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Homes not Jails!

Peace Strike | 26.02.2014 23:17 | Repression | Social Struggles | Liverpool | London

I was at city hall at 09.30 and met with some of the overnight sleepers from a group calling themselves Beat On the Streets. They are concerned that homeless people are in danger of being criminalised.

City Hall Sleep Over
City Hall Sleep Over

They  had camped on the grass area outside the City Hall, home of the London Assembly and London Mayor Boris Johnson. They were removed early this morning. There was one tent on the pavement when I arrived. Some of the group had left but those that remained were in good spirits.
I went into City Hall to ensure a seat. It was actually quite busy and quite a few school groups were there at different stages coming and going.
A heated discussion was focused on the expanding of the Barclays Bank Bicycle scheme into the South West London area and who in fact was paying for the scheme. It seems that the Barclays money had run out and the local councils were having to foot the bill themselves even though the name of Barclays appeared on the bicycles. Many in the assembly were not happy about this.  

Boris was in good jovial form and managed very well to evade difficult questions.
Suddenly a group of people, who had been sitting directly opposite Boris's view displayed signs of 'Home not Jails' A member of staff / security approached  and asked them not to display the signs. This was ignored and the  group became vocal 'Why are you criminalizing the homeless?'
More security arrived and people were ushered out. One man was physically lifted and carried out.
'Whose streets? Our streets! was chanted. It was never the less peaceful and order was quickly restored and the meeting called to resume at 11.14

The question was now about Payday loans and Credit Unions when a person said loudly," Why don't you discuss the homeless crisis?"

We were leading up to the question concerning Homeless Veterans (question No.2014/0630) at 11.27 when again a few people began to chant "Homes not Jail!"

They were quickly removed from the chamber and went peacefully.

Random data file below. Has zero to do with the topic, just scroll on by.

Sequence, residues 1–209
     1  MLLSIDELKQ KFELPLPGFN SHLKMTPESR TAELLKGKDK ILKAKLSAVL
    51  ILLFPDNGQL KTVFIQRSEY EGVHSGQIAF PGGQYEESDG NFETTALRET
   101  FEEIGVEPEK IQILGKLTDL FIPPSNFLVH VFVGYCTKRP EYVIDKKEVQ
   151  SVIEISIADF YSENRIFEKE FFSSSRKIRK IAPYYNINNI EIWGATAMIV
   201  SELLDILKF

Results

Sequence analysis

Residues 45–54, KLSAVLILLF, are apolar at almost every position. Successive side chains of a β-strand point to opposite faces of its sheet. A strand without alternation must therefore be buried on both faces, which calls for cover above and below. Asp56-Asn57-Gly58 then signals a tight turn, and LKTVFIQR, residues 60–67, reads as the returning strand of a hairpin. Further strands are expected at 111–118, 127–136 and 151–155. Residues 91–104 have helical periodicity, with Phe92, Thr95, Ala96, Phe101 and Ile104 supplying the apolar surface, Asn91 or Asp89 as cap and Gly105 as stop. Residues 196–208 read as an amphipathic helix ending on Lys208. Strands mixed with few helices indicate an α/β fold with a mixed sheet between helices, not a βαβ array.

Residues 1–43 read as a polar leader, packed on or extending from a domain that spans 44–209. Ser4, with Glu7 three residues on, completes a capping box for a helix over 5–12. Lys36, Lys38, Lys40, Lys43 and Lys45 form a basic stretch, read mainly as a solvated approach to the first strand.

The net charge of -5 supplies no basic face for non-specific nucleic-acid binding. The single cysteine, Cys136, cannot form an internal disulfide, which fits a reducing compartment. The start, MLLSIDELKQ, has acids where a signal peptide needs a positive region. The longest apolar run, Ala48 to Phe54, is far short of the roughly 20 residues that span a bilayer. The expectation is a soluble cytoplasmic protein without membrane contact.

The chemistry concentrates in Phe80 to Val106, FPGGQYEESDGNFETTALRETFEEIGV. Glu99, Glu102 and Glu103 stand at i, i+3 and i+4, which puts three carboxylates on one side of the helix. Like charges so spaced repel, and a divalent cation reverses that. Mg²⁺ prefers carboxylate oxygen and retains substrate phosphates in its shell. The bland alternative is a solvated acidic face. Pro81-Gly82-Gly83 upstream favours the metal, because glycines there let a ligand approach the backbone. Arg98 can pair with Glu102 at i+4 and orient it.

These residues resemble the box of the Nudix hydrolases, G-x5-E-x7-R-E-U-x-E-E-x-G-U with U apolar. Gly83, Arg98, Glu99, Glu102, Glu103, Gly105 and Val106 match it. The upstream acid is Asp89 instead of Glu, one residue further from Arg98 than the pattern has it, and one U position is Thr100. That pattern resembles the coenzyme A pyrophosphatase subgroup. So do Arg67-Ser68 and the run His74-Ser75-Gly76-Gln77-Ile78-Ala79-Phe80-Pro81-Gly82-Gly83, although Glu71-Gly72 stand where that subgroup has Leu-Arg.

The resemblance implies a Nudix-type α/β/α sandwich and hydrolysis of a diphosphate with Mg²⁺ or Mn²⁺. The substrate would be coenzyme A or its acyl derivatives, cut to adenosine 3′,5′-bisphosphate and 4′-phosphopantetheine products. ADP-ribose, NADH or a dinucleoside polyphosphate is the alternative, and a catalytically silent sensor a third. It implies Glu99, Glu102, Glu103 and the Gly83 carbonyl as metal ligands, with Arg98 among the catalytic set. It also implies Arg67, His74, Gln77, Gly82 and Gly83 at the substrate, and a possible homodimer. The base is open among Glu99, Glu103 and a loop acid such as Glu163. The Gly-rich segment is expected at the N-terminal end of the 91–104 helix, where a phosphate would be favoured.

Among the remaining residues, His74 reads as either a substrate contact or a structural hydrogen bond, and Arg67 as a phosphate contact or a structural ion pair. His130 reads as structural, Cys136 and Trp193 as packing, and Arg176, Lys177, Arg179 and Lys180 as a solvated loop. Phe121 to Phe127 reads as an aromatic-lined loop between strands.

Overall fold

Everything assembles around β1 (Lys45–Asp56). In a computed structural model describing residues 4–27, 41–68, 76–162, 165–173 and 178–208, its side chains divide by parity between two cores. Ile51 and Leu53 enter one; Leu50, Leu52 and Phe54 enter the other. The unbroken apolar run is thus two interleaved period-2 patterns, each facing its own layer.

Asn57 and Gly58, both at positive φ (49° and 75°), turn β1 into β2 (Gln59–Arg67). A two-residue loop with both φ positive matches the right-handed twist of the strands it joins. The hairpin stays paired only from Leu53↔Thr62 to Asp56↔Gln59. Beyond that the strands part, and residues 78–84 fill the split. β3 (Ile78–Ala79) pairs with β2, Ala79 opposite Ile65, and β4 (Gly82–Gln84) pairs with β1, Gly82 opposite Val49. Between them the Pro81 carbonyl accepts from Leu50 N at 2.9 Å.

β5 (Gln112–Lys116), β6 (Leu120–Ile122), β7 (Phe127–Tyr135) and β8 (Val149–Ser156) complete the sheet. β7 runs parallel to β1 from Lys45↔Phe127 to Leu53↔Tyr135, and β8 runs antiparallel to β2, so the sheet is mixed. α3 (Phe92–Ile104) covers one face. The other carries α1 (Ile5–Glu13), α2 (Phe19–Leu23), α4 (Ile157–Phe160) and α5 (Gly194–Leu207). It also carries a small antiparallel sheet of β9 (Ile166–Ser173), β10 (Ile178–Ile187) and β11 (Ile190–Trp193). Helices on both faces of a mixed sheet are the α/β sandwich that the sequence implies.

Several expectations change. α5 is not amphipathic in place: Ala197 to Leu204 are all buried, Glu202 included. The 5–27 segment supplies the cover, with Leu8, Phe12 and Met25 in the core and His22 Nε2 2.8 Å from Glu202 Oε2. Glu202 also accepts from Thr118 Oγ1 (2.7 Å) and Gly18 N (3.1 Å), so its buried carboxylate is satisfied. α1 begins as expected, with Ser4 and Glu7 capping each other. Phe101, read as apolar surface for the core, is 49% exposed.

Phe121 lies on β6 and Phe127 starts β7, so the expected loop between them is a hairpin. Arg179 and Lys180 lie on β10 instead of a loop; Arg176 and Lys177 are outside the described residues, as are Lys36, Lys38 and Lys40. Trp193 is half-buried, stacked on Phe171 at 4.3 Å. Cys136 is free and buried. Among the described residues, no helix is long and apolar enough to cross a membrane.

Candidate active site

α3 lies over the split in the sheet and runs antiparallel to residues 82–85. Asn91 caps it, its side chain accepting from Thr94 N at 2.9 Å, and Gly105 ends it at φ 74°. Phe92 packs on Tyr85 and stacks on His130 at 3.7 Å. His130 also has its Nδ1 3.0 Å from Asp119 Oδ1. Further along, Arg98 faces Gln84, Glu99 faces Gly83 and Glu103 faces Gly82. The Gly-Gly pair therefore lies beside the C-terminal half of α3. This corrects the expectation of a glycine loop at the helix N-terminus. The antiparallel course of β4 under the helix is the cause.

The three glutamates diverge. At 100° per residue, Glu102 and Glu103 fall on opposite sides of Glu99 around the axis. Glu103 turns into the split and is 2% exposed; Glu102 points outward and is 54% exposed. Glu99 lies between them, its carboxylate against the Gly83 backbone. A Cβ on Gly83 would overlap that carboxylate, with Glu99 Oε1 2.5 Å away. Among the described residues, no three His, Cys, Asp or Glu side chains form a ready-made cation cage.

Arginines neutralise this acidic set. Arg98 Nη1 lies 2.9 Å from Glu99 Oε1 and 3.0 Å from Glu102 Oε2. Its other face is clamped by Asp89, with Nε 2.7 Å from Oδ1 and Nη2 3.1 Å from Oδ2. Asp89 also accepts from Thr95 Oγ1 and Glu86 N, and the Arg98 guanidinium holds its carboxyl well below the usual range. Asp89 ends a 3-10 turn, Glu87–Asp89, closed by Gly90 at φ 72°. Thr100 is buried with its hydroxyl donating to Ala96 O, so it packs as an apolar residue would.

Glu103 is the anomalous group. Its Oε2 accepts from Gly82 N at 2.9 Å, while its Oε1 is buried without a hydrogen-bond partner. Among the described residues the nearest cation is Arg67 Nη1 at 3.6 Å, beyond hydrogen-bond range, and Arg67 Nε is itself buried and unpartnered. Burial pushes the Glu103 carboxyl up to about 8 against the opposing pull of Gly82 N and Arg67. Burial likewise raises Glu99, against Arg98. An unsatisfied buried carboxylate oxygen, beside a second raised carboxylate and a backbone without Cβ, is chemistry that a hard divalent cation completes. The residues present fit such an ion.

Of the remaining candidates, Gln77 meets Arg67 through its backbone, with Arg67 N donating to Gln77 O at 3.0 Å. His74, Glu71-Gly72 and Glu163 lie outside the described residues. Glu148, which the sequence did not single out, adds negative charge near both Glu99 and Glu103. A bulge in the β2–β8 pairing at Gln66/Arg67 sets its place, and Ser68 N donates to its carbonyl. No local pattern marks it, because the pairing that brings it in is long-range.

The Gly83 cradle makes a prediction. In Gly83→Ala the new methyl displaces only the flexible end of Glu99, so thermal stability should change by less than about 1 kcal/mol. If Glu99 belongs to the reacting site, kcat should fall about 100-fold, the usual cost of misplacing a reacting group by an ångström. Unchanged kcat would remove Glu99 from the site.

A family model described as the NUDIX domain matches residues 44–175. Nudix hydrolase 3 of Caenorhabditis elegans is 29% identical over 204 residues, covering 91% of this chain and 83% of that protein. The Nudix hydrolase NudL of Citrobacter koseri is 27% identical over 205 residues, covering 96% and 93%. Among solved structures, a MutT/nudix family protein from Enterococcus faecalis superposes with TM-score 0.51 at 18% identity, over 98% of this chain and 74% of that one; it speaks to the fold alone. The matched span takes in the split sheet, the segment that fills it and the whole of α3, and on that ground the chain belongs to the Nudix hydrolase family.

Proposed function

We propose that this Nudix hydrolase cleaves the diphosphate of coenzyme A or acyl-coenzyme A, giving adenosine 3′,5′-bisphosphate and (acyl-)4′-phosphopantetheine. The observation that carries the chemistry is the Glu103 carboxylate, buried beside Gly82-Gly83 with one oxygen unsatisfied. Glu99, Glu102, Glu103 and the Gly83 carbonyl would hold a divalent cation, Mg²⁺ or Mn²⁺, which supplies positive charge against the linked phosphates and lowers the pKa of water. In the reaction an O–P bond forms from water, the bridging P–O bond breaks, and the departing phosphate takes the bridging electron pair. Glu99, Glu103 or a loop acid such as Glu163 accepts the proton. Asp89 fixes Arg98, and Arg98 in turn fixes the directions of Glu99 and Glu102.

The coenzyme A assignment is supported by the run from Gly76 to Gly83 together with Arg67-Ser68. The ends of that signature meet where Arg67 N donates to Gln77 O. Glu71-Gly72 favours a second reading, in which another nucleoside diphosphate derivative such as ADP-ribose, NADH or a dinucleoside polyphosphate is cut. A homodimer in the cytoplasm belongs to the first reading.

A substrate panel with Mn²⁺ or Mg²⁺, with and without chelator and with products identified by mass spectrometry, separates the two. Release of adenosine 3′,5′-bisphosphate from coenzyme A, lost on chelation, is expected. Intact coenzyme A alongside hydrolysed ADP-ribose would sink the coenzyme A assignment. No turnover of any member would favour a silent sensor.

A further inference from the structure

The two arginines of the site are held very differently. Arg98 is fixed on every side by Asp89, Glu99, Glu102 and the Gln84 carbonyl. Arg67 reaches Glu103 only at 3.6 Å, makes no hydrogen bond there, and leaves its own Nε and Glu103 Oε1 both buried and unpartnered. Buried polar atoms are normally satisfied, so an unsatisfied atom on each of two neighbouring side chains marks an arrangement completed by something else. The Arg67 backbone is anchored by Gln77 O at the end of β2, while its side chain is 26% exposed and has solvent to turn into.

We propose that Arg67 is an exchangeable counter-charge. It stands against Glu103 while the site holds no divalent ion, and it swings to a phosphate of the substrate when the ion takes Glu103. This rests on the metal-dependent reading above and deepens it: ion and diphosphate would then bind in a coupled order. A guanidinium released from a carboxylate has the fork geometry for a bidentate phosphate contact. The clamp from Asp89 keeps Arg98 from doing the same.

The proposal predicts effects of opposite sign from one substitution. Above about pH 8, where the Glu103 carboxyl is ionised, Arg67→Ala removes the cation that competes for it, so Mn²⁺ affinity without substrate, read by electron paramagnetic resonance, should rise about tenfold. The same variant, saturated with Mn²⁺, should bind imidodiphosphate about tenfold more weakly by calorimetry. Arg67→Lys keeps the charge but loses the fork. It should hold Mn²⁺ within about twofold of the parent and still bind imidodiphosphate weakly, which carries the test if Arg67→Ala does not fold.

Boris did acknowledge that there was a homeless issue and that it  was not going to go away.He said it was complex, however the focus was to stop homeless people becoming entrenched in the life style that would then become difficult to leave, and become an established way of life.
Major Boris Johnson mentioned Help 4 Homeless Veterans which was set up specifically to help military veterans. He said that they had served their country and that we as a nation had a duty to care for them.He said the scheme was working very well and that 8/10 did not go back on the streets. He also mentioned 'No second night out' a support organization for rough sleepers.

He added that if members of the public wished to ask questions then they could attend the People's Question Time which will be held in Kingston, Surrey.

Richard Challoner School
Manor Drive North
Wednesday, 26 March, 2014 - 19:00 to 21:00

Mayor Boris Johnson is concerned about the homeless plight, however an open public debate is needed as the implications of so called crimalising homless people for sleeping rough has far reaching implications and raises many concerns.

According to Crisis, rough sleeping in London has risen by 62% over two years and that more than 6,400 people slept on the streets of the capital at some point last year.It said the trend is due to the ongoing pressures resulting from the economic downturn and a chronic lack of affordable housing as well as cuts to housing benefits.

Outside City Hall a tent had been erected and some of the protesters were talking to some media and passersby. They vowed to continue and challenge any unjust legislation that would outlaw homeless people.
All was calm with no interferance at 12 noon.
For more info: beat on the streets @ gmail .com

No Second Night Out

Help 4 Homeless Veterans

Petition: 'Don't Stop us from Feeding the Homeless'

Is this targeting the homeless or more aimed at anti-social behaviour?
Help is being offered to rough sleepers, however lines could be blurred between issues of mental health, being homeless, being a beggar or having dependancy issues. A public debate is needed that is inclusive of people likley to be affected by this policy.

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